elizabeth priddy on sat 16 oct 99
Ray's comments about the issue of how the econsumer can
get the real feel of your product online is the reason
that I have not sold online yet.
I have "built" and tested the website and have had very
favorable response to the work and ideas there, but I
don't really sell anything from there. It is an
educational site and an online gallery. My mermaid
plates and "clay portals" are a prime example of the
problem and the solution. The mermaid plates can be
sold online and the tile pieces cannot. The difference
is in the subject and the production method.
The mermaid plates are a series of about 20 plate
designs that are about women and being and the
experience of living using the allegory of the mermaid
as the vehicle of expression, ie pretty plates with an
inscription that has a little humor or a little punch
or a little meaning to complement the painted design.
The plates are all the same and the client is buying
the design. As the plates can be made as a signed
limited edition with me signing and painting and
numbering each one and keeping the design and the words
very similar and a suitable disclaimer about each piece
being individual, I can sell them online.
The "clay portals" cannot be sold that way because I
have not painted any one of them more than once and the
irregular shapes and form of the pieces is not
appropriate for mass production. In fact, the pieces
are so original that I cannot make the same one twice,
much less guarantee the potential buyer that I will be
able to make him one virtually the same as the one he
looked at online. (I also have a hard time keeping any
in stock and would not venture into the hell of showing
each individual piece, tracking it online and mailing
it out to people-perhaps if I hired someone to do that
it would be reasonable, but you all know how I feel
about trying to do everything yourself ;^} ). I did
the producton design work on the tiles to deliberately
keep them open and fresh for me for many years to come.
This same feature of the work is what makes it not
as suitable for the esales.
And the beauty of it all is that I can do both. I plan
to sell the mermaid work online as it is particularly
suited for it and there are many demographics that
might have an interest in them. And I will sell the
tiles in galleries closer to home so that people can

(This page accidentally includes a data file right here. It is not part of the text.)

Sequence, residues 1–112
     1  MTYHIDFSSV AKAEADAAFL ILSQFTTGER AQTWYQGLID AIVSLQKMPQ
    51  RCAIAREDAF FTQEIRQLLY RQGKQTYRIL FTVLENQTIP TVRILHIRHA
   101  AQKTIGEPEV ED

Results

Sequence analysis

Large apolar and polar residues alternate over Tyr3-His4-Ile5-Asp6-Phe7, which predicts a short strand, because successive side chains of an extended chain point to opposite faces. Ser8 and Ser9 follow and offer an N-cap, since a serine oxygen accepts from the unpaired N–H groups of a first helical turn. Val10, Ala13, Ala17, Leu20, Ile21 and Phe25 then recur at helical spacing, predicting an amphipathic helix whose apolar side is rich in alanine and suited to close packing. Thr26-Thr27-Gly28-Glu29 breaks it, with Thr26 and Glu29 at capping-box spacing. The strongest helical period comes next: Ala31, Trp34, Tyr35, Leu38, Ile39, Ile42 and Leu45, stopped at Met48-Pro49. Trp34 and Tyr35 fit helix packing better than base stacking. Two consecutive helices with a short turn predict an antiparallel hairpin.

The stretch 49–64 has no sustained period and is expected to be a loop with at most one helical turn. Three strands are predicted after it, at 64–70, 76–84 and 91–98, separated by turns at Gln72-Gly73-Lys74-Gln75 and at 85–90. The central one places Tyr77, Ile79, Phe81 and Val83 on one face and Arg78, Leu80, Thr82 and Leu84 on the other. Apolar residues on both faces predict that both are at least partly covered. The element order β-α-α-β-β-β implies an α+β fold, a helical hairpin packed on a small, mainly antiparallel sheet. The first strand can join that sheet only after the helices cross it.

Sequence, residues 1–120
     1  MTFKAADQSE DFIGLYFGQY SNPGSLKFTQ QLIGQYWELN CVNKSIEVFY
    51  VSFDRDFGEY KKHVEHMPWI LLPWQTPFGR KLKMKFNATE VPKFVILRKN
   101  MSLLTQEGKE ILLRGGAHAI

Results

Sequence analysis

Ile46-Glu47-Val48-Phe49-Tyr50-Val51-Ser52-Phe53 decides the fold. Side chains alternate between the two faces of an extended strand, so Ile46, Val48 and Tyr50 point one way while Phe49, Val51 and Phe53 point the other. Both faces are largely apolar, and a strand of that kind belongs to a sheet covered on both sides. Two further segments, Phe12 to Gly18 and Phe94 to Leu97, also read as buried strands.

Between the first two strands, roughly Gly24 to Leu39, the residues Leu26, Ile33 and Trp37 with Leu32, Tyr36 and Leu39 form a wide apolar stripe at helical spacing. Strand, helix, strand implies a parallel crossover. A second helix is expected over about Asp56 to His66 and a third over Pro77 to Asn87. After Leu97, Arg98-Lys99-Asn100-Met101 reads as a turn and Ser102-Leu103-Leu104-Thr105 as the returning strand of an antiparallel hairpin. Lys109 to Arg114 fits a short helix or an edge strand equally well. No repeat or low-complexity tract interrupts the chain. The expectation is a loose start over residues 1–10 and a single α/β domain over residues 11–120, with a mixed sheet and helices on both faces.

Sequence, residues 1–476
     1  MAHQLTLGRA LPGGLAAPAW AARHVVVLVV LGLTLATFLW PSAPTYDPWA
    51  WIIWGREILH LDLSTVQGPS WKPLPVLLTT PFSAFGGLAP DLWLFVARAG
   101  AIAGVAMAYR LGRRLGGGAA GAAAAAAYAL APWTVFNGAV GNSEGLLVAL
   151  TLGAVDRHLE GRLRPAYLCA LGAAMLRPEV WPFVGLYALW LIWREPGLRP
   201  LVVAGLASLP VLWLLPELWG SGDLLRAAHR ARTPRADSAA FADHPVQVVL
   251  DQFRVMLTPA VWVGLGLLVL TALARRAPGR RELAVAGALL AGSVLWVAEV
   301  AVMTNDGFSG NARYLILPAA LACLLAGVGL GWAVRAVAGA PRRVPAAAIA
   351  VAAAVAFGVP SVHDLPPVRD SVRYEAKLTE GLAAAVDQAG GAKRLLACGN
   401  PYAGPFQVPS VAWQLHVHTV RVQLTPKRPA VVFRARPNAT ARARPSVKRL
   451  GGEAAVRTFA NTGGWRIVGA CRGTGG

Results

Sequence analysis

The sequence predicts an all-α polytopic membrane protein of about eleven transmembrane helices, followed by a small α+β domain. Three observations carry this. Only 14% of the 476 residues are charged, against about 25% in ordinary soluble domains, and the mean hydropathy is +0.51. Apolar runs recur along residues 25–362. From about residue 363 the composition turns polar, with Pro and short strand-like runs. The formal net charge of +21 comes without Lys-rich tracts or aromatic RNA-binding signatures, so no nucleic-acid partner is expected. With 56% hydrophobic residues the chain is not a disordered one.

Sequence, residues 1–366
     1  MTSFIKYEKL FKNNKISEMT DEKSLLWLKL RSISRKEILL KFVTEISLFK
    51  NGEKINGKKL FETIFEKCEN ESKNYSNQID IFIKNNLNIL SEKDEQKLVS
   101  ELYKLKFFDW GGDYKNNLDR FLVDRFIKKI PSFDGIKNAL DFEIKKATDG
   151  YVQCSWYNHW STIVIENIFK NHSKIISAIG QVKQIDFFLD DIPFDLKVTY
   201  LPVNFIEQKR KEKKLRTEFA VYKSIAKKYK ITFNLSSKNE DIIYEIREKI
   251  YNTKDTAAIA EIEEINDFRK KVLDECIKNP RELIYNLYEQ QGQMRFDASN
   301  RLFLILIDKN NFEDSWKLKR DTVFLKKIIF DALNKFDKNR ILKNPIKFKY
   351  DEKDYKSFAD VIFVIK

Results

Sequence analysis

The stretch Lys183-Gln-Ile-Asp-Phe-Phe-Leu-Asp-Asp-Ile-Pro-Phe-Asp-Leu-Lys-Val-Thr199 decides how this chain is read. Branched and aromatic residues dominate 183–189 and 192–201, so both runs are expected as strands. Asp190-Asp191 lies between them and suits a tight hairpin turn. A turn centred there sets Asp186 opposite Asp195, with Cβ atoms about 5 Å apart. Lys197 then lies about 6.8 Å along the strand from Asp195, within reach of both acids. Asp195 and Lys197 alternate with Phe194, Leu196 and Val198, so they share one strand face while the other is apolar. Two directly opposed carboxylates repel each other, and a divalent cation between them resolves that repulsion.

handle them and buy exactly the one they have, and I
can keep up with them and keep them stocked.
I also trade tiles with potters whose work I like and
who are willing to let me paint them one "on theme" but
who are not hung up on it being the particular one they
saw a picture of. I am currently getting one with
bees out for Mr. Goodrich who makes the most beautiful
and simple wall sconces I have ever seen.
On Fri, 15 Oct 1999 09:17:23 Ray Aldridge wrote:
>At 01:17 PM 10/14/99 EDT, you wrote:
>>Well I gotta jump in here. I have tried this racket every way I have been
>>able to figure out how to slice it, short of teaching.
>>So I decided I was in the wrong place and started doing exclusively on
>>craft fairs. There is a big downside to that too as everybody knows. I am
>>at the place where I think there is a big downside to it all and you have
>>to just get better at what you are doing and be disciplined about dealing
>>with whatever marketplace you are in. Easier said than done. Thinking
>>alot about eleanora.com.....can the web be a reasonable alternative?
>I believe that it is. The net is transforming business in ways that most
>folks haven't even considered. There are a number of books out by
>forward-thinking businesspeople, who convinced me that the future of small
>producers of luxury items (that's us) is in ecommerce. The middleman is a
>dying breed, though new institutions will have to be devised to make use of
>the net's extraordinary ability to put customers and manufacturers into
>The problem with selling art on the net, however, especially unique but
>unappraisable objects such as those produced by potters whose names are not
>household words (most of us) is that the customer wants to hold the piece
>in her hands before making the decision. This might not be as important to
>customers who are knowledgeable about the art form, or to folks who are
>buying the piece for reasons that are tangential to the piece's value as an
>art object-- perhaps they are looking for a gift with a particular theme,
>or a piece of a specific color.
>The challenge for artisans who want to sell direct via the web is to
>somehow figure out a way to make that hand-to-art connection, or at least a
>Aldridge Porcelain and Stoneware
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